You can choose to put the video out on property portals, or request that your selling agent only shares it with serious house hunters.
What will happen if someone in my chain gets ill, or if there is a second lockdown?
Buyers and sellers should build a get-out clause into contracts in case of a Covid-19-related event, advises Lucy Barber, the head of residential property for Forsters. This event could include illness, or delay of removals or fund transfers owing to illness or lockdown. Your contract could include a back-up completion date, for example ten days after the Covid-19 event is over, subject to the buyer still having a mortgage offer. Build in a long-stop completion date as well: for example, December 25. If the coronavirus event is continuing, then either party can back out with no loss of deposit or interest charges.
The other option for buyers and sellers is to do a simultaneous exchange and completion on the same day. This only works if you are moving into a vacant property, or if you don’t have to move into the property on the day of completion.
How can I speed up the process?
Buyers and sellers want to get property transactions done fast in case there is a second wave of coronavirus, according to Donall Murphy and Morris John, partners at Russell-Cooke. The main pinch points could be difficulty gaining access to properties and a surge in movers, resulting in competition for searches, valuations and surveys. John says: “Get your solicitor, valuation and survey organised pronto. If you are selling, get all paperwork ready.”
Large surveying firms have furloughed staff, which could slow things down, says Annabel Dean, a partner at Farrer & Co. She advises booking a removals firm well in advance due to a backlog of demand. However, if the guidance is effective then she says: “We anticipate normal timetables will resume, so six to eight weeks from terms being agreed to completion.” She advises getting your searches done at the earliest opportunity. “Oddly, drainage and water searches seem to be taking a particularly long time right now.”
The biggest delay will come from local authority searches, adds Nick Stone, a partner at Wedlake Bell. “There will be more contracts conditional on local authority searches being returned in time. Some lawyers already do this as a matter of course in Camden [north London], which is notoriously slow with searches. This practice may now be extended across other local authorities.” Don’t be tempted to use cheap online conveyancers, or lawyers who are hard to get hold of, Stone adds, because Covid-19 clauses are complex.
How do I minimise contact when witnessing and signing paperwork?
Savills Ireland has just launched “Savills Live”, which lets buyers sign contracts with encrypted digital signatures. Traditionally, though, “wet ink” signatures are needed on sale documents. However, the Land Registry has said that until the end of the pandemic you can scan a signed copy of the agreement and send it in an email to your solicitor or conveyancer.
Mark Loveday, a barrister with Tanfield Chambers, says: “For the duration of the pandemic the Land Registry will accept scanned manuscript signatures. It will also allow a wider range of people, such as teachers and police officers, to verify individuals’ identity for land registration purposes.”
A witness will have to view the signing from a 2m distance, then sign the document with a different pen, or wearing disposable gloves. Some solicitors have recommended that a neighbour can view signing through a window, or, if outside, while sitting in their car.
How can I move house safely?
Just like everyone else, home removal companies were taken by surprise this week. Ian Studd, the director-general of the British Association of Removers (BAR), says they have been focused on “making appropriate preparations” and getting ready for the reopening. Last week the government amended its guidance to include maintaining a 2m distance, wearing masks, keeping windows open to maximise ventilation, providing WC access and possibly a shower for workers, and providing a kettle for workers (although they should bring their own mugs and teabags). A deep clean is also recommended — or try to leave 72 hours between people moving out and new occupiers moving in. Everyone should make sure that keys are sanitised at handovers.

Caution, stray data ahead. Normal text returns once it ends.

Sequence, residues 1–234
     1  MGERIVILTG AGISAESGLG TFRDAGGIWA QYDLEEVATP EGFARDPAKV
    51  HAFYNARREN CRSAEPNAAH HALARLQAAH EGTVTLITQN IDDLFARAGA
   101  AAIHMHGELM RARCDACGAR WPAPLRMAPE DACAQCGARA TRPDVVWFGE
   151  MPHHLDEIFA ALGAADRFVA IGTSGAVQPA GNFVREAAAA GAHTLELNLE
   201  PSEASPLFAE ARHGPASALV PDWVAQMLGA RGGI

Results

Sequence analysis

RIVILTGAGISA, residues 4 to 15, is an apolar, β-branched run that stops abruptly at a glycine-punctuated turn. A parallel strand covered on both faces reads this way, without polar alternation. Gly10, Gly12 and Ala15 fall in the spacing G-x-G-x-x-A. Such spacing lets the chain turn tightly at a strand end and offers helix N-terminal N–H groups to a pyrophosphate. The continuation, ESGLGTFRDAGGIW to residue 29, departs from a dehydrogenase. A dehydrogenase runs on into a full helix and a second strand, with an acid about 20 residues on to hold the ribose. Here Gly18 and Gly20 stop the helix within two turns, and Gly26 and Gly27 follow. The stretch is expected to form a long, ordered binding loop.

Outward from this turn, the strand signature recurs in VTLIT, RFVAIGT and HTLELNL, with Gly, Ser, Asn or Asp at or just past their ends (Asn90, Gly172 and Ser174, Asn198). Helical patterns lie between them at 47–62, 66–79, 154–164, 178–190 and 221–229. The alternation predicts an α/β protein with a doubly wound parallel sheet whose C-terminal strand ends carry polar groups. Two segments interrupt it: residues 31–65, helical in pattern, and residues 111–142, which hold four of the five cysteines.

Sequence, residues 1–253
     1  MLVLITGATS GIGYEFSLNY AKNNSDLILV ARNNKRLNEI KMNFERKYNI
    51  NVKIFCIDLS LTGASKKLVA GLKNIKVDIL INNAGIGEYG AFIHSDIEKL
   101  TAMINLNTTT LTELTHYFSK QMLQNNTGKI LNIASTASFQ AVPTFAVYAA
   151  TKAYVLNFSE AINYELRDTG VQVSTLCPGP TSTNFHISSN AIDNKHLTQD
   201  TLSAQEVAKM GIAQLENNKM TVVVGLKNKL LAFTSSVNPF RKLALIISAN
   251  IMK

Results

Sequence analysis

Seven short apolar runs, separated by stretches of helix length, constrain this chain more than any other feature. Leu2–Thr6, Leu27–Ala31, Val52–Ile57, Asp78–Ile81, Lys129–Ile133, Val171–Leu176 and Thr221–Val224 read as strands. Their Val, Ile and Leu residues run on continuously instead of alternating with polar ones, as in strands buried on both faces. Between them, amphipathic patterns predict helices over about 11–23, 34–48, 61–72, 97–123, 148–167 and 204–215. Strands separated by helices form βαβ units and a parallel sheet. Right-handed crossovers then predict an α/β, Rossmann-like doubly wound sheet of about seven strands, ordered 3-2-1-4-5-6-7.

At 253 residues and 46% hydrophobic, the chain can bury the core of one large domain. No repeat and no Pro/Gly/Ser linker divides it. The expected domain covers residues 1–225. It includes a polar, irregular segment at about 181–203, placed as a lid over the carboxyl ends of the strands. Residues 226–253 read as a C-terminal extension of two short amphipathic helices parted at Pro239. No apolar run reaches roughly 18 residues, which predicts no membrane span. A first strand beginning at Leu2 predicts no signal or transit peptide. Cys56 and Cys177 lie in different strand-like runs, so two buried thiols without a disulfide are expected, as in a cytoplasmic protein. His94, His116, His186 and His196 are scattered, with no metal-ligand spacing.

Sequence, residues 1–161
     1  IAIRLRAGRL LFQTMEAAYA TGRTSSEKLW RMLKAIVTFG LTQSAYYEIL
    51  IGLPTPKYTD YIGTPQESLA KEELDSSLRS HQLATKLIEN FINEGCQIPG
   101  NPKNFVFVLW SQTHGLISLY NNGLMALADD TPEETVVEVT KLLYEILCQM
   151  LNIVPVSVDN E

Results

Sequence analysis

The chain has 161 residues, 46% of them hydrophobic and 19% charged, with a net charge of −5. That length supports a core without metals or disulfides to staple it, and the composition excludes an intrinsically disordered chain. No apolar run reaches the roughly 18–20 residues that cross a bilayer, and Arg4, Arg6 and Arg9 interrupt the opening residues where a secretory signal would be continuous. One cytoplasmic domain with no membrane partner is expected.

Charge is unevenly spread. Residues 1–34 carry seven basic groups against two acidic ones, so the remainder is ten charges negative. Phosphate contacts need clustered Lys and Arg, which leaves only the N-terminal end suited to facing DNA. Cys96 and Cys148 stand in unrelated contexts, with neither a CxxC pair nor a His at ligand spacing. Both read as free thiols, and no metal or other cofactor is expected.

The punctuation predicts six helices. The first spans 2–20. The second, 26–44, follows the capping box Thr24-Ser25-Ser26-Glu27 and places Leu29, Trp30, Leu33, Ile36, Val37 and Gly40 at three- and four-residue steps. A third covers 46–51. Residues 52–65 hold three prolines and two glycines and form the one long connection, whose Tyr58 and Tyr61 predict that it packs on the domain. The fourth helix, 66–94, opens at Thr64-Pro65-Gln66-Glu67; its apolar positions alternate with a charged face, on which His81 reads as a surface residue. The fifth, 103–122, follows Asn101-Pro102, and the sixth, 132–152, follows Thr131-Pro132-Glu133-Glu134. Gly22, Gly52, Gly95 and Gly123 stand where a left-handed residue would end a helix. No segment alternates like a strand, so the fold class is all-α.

Studd says that movers may “have to pay more” because “the need to respect and comply with the additional safety measures will almost certainly add time and resources into the process, and that will need to be reflected in the cost of the service”.
You may also have to join a queue if you want to book a removal. Charles Rickards, the marketing and finance director of the London removal firm Anthony Ward Thomas, and Aussie Man and Van, says that hundreds of people whose removal had been suspended because of the lockdown are now rebooking. “We’ve had a sharp increase of inquiries and we’ve begun to un-furlough staff,” he says. “We are discouraging our workers from using public transport. The danger is still out there.”
‘WE’VE BEEN STUCK IN A CHAIN’
Alex Knight, 39, and his wife, Sophie, 36, have been trying to move across Leeds ready for their daughter, Agnes, to start her first school.
They wanted to move from their four-bedroom house in East Ardsley into a semi-detached house in the village of Bramhope.
The couple, who own a picture-framing company, had already seen one chain fall apart last year after they lost their buyer. They accepted another offer in early March, and the chain of three — their new buyer, themselves and the family selling the house in Bramhope — began to proceed.
“Then coronavirus marched over the hill,” Alex says. “The estate agent abandoned us. The girl in charge was placed on furlough. We have hardly had any contact since.”
All parties have now agreed to exchange and complete on the same day to speed up matters. Alex says his solicitors have been helpful, but he and Sophie have done much of the hard work. “We even contacted our purchaser on social media as we had no other way of communicating with them. We’ve been acting like our own estate agent. We are keen to get the move done as our mortgage offer is limited to May 24. There are supposed to be extensions, but we haven’t received confirmation yet.”
The removal firm they booked also cancelled because of British Association of Removers’ regulations on social distancing. The Knights received a refund and plan to move themselves. Alex says: “The moment I heard that the market was moving again, my hopes went up. But I’m not holding out hope for this week now, maybe next.”